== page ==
COPD, or chronic obstructive pulmonary disease, is a dangerous disease that most often affects tobacco smokers. Due to the progressive nature of COPD, the consequences of the disease are not noticeable until years from the beginning of the problem. About 80% of COPD is caused by smoking.
Obstructive pulmonary disease is less of a media problem than lung cancer, but it is no less serious and, like lung cancer, one of the most important causes of death worldwide.
Obstructive pulmonary disease is less of a media problem than lung cancer, but is no less serious and, like lung cancer, one of the most important causes of death worldwide.
From smoking to the ultimate consequences
The workflow from smoking to full-blown COPD is as follows:
Irritating smoke damages the cilia of the respiratory tract and causes an overproduction of mucus
Obturation (reduction of the cross-section) of the bronchi and bronchioles due to the overproduction of mucus and the destruction of cilia leads to airflow limitation
Restricted air flow results in increased pressure in the alveoli and causes them to rupture and emphysema (the space that appears when the alveoli ruptures).
The gas exchange in the lungs is impaired
The further development of pulmonary hypertension is associated with the appearance of symptoms from organs other than the lungs. Muscle mass and weight are lost. The energy needed to pump blood through damaged lungs results in cardiovascular disorders. Among other things, high blood pressure leads to heart failure and the risk of heart attacks. The risk of stroke is increased. Lung damage significantly increases the risk of developing lung cancer.
The diagnosis of COPD is largely based on medical history and risk factors (smoking).
Common symptoms include chronic cough, progressive shortness of breath, altered respiratory tract, cyanosis, and depression. Among people who tolerate hypoxia well, instead of cyanosis, there is a significant decline in exercise capacity and weight loss.
Important tests helping to make a diagnosis are: spirometry, X-ray, pulse oximetry, complete blood count and ECG (assesses damage to the heart). A rare cause of COPD is a genetically determined deficiency of the enzyme alpha1 antitrypsin. Research on genetic determinants is particularly important among people under 45, non-smokers.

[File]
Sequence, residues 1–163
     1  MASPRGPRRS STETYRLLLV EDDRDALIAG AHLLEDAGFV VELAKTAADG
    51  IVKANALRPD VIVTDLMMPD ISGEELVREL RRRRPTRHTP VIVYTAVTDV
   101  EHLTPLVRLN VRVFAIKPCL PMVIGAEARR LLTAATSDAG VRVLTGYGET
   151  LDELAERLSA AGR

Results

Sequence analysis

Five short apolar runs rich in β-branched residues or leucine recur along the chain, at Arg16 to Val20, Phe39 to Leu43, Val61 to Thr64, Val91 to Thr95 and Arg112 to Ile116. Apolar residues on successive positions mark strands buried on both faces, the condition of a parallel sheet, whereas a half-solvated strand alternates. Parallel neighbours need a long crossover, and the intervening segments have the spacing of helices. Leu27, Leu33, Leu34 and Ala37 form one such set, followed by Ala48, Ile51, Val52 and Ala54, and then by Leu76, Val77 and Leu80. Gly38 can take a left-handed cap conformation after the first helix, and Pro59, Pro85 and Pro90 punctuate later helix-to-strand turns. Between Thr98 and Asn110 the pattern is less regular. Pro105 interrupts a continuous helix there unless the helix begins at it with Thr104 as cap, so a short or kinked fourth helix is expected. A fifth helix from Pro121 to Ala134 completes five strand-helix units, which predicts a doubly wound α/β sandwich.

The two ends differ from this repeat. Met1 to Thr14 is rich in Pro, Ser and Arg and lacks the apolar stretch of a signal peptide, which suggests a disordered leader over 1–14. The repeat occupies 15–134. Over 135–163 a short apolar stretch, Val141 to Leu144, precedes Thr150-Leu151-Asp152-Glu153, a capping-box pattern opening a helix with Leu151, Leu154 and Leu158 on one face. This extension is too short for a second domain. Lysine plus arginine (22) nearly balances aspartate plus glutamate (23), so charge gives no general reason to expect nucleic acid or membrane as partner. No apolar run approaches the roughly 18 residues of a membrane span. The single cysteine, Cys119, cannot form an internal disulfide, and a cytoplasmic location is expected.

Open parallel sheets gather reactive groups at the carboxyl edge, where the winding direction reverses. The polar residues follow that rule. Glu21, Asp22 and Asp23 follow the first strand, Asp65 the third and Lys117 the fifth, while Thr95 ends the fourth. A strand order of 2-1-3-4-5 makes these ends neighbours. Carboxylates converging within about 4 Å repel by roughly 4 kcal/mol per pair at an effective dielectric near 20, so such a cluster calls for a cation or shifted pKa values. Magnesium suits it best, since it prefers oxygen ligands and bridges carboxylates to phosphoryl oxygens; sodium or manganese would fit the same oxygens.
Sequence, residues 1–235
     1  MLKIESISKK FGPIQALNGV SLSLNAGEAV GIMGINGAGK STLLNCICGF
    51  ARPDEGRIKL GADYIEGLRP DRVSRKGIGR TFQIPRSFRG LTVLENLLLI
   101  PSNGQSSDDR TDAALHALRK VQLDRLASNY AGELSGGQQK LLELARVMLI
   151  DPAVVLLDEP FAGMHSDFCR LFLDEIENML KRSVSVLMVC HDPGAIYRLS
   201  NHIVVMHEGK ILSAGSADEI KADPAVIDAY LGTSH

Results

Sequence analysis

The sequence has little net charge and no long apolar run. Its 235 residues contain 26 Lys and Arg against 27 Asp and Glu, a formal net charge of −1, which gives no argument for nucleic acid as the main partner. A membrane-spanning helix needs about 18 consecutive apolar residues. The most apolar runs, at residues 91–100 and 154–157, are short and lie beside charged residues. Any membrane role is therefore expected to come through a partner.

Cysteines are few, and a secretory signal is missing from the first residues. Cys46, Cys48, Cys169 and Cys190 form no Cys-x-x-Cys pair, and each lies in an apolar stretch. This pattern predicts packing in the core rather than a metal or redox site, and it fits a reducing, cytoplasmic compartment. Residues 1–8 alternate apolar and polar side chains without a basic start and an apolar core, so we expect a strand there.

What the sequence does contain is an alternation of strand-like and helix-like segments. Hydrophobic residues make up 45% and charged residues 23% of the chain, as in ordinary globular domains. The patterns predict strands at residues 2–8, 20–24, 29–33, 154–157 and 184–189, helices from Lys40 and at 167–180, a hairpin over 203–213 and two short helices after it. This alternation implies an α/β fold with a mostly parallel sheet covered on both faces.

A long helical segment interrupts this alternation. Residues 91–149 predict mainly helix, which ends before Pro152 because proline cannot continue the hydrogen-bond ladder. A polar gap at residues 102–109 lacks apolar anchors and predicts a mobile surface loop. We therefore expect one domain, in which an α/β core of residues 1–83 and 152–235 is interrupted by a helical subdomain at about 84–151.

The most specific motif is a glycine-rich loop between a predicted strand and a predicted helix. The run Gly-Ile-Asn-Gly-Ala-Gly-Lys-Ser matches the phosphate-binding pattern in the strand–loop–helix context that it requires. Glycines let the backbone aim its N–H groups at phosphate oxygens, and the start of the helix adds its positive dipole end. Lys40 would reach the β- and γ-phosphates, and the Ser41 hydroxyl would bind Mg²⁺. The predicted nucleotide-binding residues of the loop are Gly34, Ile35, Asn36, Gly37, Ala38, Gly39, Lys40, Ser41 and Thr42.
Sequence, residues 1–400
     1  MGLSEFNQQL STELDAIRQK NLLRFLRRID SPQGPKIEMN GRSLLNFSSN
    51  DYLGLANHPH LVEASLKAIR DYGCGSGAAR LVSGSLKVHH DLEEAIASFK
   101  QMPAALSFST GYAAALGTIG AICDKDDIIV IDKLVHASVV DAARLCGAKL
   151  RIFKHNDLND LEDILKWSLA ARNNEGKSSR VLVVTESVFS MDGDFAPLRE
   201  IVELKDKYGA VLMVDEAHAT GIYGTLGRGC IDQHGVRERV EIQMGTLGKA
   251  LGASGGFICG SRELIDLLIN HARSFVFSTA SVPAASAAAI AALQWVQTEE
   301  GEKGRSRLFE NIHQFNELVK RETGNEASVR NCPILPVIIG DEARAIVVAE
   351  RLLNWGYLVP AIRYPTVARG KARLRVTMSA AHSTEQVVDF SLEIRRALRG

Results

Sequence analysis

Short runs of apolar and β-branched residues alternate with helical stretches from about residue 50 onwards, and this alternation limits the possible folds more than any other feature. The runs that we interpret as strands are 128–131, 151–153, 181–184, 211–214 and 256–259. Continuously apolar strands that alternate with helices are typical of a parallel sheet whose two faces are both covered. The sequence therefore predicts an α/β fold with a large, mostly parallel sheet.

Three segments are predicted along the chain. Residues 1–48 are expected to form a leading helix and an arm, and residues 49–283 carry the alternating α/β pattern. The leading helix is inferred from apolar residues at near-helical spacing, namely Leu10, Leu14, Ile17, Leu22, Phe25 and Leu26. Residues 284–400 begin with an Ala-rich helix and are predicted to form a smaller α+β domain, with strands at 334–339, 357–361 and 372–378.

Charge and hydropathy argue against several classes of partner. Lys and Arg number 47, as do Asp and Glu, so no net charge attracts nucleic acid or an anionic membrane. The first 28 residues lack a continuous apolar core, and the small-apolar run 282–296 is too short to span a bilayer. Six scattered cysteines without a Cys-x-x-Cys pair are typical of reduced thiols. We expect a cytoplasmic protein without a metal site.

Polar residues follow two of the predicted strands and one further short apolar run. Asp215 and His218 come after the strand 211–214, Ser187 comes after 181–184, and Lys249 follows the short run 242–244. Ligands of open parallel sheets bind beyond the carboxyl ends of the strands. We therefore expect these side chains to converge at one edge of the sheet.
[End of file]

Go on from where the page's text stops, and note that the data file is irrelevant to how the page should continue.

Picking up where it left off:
A pink blower and a bluish blower
The clinical picture of a person suffering from COPD usually takes one of two forms: the form of a “pink puffer” or the form of a “bluebloater”. Although these terms are outdated, they allow for a fairly pictorial presentation of typical symptoms in a clear frame.
Pink puffer – this is a group of patient’s appearance features, when the patient’s dominant problem is emphysema. The characteristic features of the “blower” are: a slim body, breathing through the mouth, a tendency to support oneself in order to facilitate breathing, strongly developed additional respiratory muscles and severe shortness of breath.
Blue whelping – a set of features in which bronchitis is the dominant problem. The features of “puffer” are: obesity, clearly visible cyanosis of the nose, mouth, ears, fingertips, less breathlessness than in the case of the blower.
The described division becomes blurred as the disease progresses, and it does not affect the methods of treatment or diagnosis of the disease. Differences in physical characteristics in COPD result from individual variations among people and individual physical conditions.
Treatment of COPD
The most important factor in delaying disease progression is smoking cessation. In addition to quitting tobacco, regular exercise is extremely important. Adequate nutrition is essential. Obesity worsens the prognosis, it is best to achieve the optimal BMI. Insufficient caloric intake can also be dangerous for a COPD patient. The effort related to the need to compensate for the damaged respiratory system must be balanced by the provision of an appropriate energy load in the food.
Treatment of COPD includes non-drug treatments such as oxygen therapy and assisted ventilation. In the advanced form of the disease, palliative care is necessary, often in intensive care units.
Medications to limit the progression of the disease are designed to widen the airways. Medicines similar to those for asthma are used. The drug groups used are inhaled B2 mimetics, inhaled anticholinergic drugs, inhaled glucocorticosteroids and others.
Surgical methods, including lung transplantation, are sometimes used.
Quitting smoking is an important part of the COPD strategy. Help in quitting smoking is available through a medical consultation. The suspicion of COPD requires careful medical research.